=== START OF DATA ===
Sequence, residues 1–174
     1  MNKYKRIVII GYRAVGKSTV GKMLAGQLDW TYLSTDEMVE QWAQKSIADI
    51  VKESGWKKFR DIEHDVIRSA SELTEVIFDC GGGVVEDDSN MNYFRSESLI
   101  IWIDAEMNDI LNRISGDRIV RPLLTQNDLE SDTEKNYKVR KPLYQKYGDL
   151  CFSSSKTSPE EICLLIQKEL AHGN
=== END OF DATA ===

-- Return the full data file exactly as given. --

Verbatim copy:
Sequence, residues 1–174
     1  MNKYKRIVII GYRAVGKSTV GKMLAGQLDW TYLSTDEMVE QWAQKSIADI
    51  VKESGWKKFR DIEHDVIRSA SELTEVIFDC GGGVVEDDSN MNYFRSESLI
   101  IWIDAEMNDI LNRISGDRIV RPLLTQNDLE SDTEKNYKVR KPLYQKYGDL
   151  CFSSSKTSPE EICLLIQKEL AHGN